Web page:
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The following is a reprint from a 2003 issue of Home and Garden.

Now a devout Christian, Andy admits to succumbing to one youthful indiscretion after another, from petty crime and vagrancy to alcohol and drug abuse. “If I had any money then, I probably would have been a compulsive gambler too,” he says. Not surprisingly, his hard living costs him dearly . a divorce and a five-year-stint in the Nebraska State Penitentiary were the bitter fruits of his aimlessness.

After a successful tenure as a truck driver, Andy embarked on a career path that would change his life forever. He became a clown. Literally. “I had a lot of sorrow, hurt, and heartache in my life,” he says. “I wanted change. I wanted to make people happy and see them laugh.”

To realize his goal Andy attended clown school at the University of Nebraska at Omaha. At graduation, he became Ding-A-Ling the clown , a hobo/tramp clown in the style of Red Skelton and Emmett Kelly, though unique, of course. “Rule Number One at clown school,” says Andy, “is that you don’t copy another clown’s face. Ding-A-Ling is my own creation.”

As Ding-A-Ling, Andy worked as a rodeo clown (“Now they call ’em bull fighters” he laughs) for nine years. during the off-season, he used to work birthday parties, grand openings, picnics, parades, etc., where his specialty was in balloons. “At the time, I could make 68 different figures out of a balloon. Now I can barely blow one up,” he laughs.

The height of Andy’s career as Ding-A-Ling was an appearance he made with Emmett Kelly and Red Skelton at a fundraiser for a children’s hospital in Florida. The lowlight came at a rodeo performance, where he was knocked down by an angry bull and savagely bitten in the arm. At the hospital, he had to have skin removed from his leg to act as a skin graft for his damaged arm. Yet he still considers himself fortunate. “People get killed every year on the rodeo circuit. I was lucky that nothing really bad ever happened to me or the other rodeo people I worked with.’

Like an aging NFL quarterback whose reflexes are slowing down, Andy wisely retired from his physically dangerous occupation in the late 1980s. He still loves clowns, though, and is an avid collector of clown paraphenalia. His most prized possessions are a pair of authentic, bright red Bozo the Clown shoes and an Emmett Kelly doll. At one time, his collection totaled more than 350 items. “When it’s time to go to the big rodeo in the sky,” he says, “I want to donate my collection to a children’s museum.”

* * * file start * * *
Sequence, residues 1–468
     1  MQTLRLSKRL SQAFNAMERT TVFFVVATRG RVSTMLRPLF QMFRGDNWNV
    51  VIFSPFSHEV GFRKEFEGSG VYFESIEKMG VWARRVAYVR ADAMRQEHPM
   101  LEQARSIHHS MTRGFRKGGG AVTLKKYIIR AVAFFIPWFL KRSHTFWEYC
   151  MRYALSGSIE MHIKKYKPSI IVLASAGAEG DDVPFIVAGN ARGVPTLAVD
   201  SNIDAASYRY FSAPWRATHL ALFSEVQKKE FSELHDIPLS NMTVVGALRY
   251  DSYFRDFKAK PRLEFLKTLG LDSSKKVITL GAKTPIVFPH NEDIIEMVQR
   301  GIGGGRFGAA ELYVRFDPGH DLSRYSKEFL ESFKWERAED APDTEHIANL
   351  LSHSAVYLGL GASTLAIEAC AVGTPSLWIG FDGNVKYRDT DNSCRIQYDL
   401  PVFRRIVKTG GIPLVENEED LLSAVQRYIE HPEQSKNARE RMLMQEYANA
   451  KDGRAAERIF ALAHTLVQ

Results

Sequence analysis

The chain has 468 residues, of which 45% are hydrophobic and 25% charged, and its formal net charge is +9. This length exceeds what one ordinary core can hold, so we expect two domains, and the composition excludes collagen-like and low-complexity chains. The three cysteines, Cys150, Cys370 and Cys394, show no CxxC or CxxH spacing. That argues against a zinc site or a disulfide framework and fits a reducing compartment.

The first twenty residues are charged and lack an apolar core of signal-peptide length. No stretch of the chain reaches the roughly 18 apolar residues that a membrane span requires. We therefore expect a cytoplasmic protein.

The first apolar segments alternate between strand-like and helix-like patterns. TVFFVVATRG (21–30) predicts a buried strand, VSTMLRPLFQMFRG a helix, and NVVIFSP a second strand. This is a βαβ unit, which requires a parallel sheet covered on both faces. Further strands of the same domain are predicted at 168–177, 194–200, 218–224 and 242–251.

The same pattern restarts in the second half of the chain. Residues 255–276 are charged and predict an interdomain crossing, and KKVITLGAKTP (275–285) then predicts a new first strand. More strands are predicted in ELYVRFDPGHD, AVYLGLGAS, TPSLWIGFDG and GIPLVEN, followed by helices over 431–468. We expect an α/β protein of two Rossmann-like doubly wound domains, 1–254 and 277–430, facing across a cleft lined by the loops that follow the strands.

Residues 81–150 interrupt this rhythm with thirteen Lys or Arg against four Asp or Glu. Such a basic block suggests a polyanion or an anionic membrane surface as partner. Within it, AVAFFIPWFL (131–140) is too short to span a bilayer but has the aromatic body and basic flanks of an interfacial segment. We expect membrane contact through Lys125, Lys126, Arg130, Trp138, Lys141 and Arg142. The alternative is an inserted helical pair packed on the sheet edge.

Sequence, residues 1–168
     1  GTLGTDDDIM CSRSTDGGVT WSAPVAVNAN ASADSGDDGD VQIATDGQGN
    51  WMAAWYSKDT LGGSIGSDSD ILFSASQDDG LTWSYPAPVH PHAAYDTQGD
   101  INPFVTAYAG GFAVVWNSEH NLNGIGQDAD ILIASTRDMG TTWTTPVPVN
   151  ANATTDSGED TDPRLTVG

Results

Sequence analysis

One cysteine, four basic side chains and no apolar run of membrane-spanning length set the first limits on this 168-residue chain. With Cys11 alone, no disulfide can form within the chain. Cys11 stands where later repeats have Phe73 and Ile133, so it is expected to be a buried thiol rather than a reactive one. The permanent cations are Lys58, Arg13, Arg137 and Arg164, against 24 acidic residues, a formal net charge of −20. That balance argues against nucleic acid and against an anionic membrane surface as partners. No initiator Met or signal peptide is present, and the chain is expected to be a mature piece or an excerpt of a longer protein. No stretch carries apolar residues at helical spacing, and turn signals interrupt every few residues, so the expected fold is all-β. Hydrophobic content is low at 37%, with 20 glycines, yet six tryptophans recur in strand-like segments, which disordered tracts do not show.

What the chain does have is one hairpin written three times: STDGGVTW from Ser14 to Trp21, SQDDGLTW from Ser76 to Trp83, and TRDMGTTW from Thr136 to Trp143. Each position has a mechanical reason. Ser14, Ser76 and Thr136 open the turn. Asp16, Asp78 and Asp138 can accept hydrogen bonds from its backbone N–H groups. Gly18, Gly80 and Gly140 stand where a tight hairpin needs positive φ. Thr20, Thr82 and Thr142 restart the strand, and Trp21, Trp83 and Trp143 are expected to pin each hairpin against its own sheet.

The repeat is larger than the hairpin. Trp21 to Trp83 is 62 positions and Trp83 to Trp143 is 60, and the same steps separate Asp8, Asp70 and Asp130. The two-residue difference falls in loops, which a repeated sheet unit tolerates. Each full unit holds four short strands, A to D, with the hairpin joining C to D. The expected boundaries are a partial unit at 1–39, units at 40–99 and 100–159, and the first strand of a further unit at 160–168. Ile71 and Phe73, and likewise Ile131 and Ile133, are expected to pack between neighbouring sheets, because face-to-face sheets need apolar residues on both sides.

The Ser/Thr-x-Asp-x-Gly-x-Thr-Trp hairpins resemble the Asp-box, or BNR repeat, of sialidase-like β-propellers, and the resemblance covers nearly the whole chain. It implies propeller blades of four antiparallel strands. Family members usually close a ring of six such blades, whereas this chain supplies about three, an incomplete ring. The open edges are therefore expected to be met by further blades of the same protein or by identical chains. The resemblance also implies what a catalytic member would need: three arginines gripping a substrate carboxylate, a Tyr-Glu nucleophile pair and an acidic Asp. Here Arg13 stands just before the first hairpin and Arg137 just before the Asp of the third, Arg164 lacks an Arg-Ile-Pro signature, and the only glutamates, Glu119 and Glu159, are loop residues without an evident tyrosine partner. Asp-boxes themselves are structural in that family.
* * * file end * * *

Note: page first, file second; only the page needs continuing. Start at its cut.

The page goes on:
On December 20, 1996, Andy suffered a stroke. Five days later, on Christmas day, he had a life-affirming heart-to-heart chat with God, vowing never to touch alcohol again. Recalling the experience still brings tears to Andy’s eyes. He’s been clean and sober ever since.

Because of Andy’s unique story, and because of his honesty and frankness in talking about his past mistakes and his winding road to recovery, he’s frequently called upon to speak at substance abuse treatment centers and alsohol rehab clinics throughout California and Arizona. He’s also spoken at high schools, colleges, and churches. His life hasn’t been an easy one, but it’s filled with lessons that others can learn from.

“I’m not afraid to let people know who I am and what I am, so long as I never forget,” says Andy. “My message is simple and straightforward. If you commit your life to alcohol and drugs, you’re gonna end up in one of three places–in the state pen, in a mental hospital, or in a horizontal position wearing a suit and tie.”

Though Andy’s message is often blunt and to the point, he always sprinkles his talks with humor and amusing anecdotes from his life. He puts it this way: “For the first 45 minutes, I got’em laughing; but I got’em crying for the last 15.”

Andy knows that his inspirational story of recovery won’t change the hearts of everyone, but he keeps plugging nonetheless. He believes that if enough people–especially kids–listen to his story, he can make a positive difference in their lives. The key is to get them not just to hear, but to listen.

“You know why God gave us two ears and one mouth?” smiles Andy. “It’s so we can listen twice as much as we talk.”

I’ll finish up this article tomorrow.

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My devotional blog is here.

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Fine Dining at Vintage Press

 

DSC_0029, originally uploaded by Shirley Buxton.

My enjoyment of a wide variety of experiences extends to my delighting in an assortment of eating places. I’ve taken meals in the most modest of venues, have dragged up a stool at many outdoor haunts, have eaten in assorted foreign countries, and indulged in ethnic food in the back places of various cities. I love it all…from the simplest to that of the elaborate and elegant.

One of my favorite places to eat is The Vintage Press in Visalia, CA. A couple of months ago, during the time of our district conference, Jerry and I, along with our dear friends, Berl and Lavelta Stevenson, took another trip to this fine restaurant. I believe their orange umbrellas are new, for I don’t remember such a vibrant brush of color as was present on that day. I would have been happy to eat outside on the patio, but our friends wanted to enjoy the magnificent dining room, so we opted for that experience. It is a stunning place with outstanding food. If you’re ever in the area, please take a meal there.